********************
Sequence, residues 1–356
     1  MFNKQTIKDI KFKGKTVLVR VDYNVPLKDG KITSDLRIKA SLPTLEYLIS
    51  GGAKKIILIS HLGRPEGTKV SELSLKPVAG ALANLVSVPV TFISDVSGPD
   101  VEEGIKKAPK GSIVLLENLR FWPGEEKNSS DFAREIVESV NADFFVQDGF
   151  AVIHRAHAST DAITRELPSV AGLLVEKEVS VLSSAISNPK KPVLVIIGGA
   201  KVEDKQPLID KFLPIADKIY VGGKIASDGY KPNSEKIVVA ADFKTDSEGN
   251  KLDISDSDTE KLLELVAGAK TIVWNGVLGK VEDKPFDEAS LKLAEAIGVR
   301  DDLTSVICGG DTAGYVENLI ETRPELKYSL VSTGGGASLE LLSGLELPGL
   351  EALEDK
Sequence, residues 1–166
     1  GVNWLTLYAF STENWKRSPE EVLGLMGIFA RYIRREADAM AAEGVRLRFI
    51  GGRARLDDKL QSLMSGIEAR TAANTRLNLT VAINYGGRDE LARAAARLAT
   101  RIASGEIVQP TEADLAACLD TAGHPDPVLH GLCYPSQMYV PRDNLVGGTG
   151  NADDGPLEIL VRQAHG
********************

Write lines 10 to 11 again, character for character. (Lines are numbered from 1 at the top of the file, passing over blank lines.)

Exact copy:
Sequence, residues 1–166
     1  GVNWLTLYAF STENWKRSPE EVLGLMGIFA RYIRREADAM AAEGVRLRFI